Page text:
December 4, 2023No Comments

Quill Robinson on the Nexus of Climate Change and Security

Quill Robinson talks about the intersection of climate and security. He delves into the topics of energy security, the role of China and the U.S., and shares his thoughts on COP28 (about to take place in the week of the interview's recording).

Quill Robinson is a Senior Program Manager and Associate Fellow in the Energy Security and Climate Change Program at the Centre for Strategic and International Studies (CSIS).

Interviewers: Idriss El Alaoui Talibi, Michele Mignogna, Iris Raith, Frederik Steinhauser - Defense & Procurement Team

April 30, 2022No Comments

Dr Widdershoven on the Gulf States’ Energy Strategy in the Context of the Russian-Ukrainian Conflict

Dr. Cyril Widdershoven talks about the energy strategy pursued by the Gulf States in the context of the current war in Ukraine. Dr. Cyril Widdershoven is a long-experienced expert in oil and gas and geopolitics and the founder of Verocy.

In this session, Dr. Widdershoven considers the reasons for the Gulf States to act the way they are, avoiding an active engagement in energy price reduction. After an overview of the Gulf States' green energy policies, Dr. Widdershoven analyzes the consequences of the EU's sanctions on Russia on relations between Europe and energy powers in the Gulf.

Interviewers: Riccardo Bosticco & Michele Mignogna

This is ITSS Verona Member Series Video Podcast by the Political Economy and Energy Security Team.

ITSS Verona - The International Team for the Study of Security Verona is a not-for-profit, apolitical, international cultural association dedicated to the study of international security, ranging from terrorism to climate change, from artificial intelligence to pandemics, from great power competition to energy security.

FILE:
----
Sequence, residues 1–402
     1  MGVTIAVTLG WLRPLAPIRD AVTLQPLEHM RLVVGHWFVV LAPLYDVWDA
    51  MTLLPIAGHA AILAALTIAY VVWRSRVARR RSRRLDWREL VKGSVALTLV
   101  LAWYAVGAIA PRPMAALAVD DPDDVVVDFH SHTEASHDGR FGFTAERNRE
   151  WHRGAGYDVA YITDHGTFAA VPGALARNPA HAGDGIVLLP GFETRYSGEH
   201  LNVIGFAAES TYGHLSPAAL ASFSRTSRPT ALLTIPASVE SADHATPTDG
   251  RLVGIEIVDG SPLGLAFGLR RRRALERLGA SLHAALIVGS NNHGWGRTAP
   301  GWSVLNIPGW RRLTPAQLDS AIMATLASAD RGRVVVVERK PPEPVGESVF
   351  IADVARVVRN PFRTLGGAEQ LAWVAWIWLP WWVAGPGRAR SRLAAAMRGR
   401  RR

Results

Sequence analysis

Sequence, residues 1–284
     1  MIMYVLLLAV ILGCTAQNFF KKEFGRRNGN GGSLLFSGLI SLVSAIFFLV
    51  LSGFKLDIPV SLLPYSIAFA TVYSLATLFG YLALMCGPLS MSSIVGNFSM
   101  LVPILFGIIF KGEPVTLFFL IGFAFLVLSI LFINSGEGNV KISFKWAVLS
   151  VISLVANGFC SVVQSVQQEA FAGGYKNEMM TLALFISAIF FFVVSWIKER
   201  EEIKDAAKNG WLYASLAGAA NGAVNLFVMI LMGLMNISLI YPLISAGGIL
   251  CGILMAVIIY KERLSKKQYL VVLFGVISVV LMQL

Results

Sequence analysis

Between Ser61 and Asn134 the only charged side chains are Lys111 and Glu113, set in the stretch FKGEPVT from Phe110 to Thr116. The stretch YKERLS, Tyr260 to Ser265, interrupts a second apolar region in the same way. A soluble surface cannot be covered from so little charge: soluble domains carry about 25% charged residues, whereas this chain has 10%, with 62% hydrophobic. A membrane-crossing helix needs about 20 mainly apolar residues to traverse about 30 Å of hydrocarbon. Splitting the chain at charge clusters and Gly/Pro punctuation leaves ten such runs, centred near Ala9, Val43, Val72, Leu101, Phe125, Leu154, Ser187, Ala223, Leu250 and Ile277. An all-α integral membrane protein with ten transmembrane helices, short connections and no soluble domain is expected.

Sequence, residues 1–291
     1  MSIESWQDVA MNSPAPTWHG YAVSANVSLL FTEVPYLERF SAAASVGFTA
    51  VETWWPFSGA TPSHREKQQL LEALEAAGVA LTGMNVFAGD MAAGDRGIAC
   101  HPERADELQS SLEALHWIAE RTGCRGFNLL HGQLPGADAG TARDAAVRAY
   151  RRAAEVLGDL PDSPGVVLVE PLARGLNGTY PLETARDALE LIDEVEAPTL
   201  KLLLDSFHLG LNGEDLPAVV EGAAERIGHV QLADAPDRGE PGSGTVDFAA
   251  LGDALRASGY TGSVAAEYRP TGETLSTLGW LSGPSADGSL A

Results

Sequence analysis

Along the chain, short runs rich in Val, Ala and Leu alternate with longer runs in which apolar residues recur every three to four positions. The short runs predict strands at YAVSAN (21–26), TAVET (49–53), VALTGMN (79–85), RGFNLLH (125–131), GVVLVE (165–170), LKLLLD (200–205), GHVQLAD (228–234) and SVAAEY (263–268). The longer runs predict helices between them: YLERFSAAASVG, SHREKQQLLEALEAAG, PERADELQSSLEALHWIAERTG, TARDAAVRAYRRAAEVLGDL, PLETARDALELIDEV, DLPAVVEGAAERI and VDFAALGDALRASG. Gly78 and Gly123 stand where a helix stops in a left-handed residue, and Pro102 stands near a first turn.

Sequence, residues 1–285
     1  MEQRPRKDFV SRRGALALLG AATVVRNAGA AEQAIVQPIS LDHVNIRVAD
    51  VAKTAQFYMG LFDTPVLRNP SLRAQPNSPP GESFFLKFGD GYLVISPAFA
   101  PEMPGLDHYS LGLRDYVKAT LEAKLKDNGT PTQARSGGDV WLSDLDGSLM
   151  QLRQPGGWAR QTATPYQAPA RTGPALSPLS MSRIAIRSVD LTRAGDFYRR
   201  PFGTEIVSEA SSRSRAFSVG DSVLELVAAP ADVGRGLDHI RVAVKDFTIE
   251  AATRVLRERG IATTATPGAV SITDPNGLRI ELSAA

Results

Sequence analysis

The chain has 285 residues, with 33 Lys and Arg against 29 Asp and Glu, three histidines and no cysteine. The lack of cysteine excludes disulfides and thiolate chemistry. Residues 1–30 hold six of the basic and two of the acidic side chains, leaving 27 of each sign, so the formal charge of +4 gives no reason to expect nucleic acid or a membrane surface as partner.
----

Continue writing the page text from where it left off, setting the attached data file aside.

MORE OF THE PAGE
February 28, 2022No Comments

ITSS Verona 2021/22 Webinar Series: “Energy Security: The View from Post-Brexit UK”, with Vicky Pryce

For the first ITSS Verona - Hume Institute joint event, members Carlotta Rinaudo and Elena Bascone - along with the Political Economy, Development, and Energy Security Team - discuss energy security and its importance for Europe with Ms Vicky Pryce, one of Britain's top economists, and with Prof Mohammed Abdel-Haq.

February 10, 2022No Comments

Fuel Price Spike in Kazakhstan: Straw that broke the camel’s back?

By: Elena Bascone, Michele Mignogna, Miguel Jiménez and Sofia Dal Santo.

Holiday seasons often trigger unexpected crises, as the last two years proved: after the 2020 pandemic, a new global threat is on the rise - a global energy crisis. This new emergency is so severe that even Kazakhstan, the biggest central Asian country and one of the major producers of fossil fuels, was unable to escape it. At the beginning of January, the price per liter for liquified petroleum gas (LPG) more than doubled, increasing from 50 to 120 Tenges (about $0.27), and violent protests exploded in the country. LPG is mainly used for vehicles, but even for cooking and warming up during the severe Kazakh winter, making it a primary necessity. Energetic scarcity then fostered the explosion of violent protests all over Kazakhstan. Resulting in the death of 225 people, these demonstrations are unprecedented. The outbreak took place in Zhanaozen, in the southwest of the country, known as the capital of oil and gas, and spread all over the country in a few days. Peaceful demonstrations soon escalated into violent aggressions such as dangerous attacks on government buildings and clashes against police officers. However, rising energy prices are only the tip of the iceberg.

The Roots of the Protests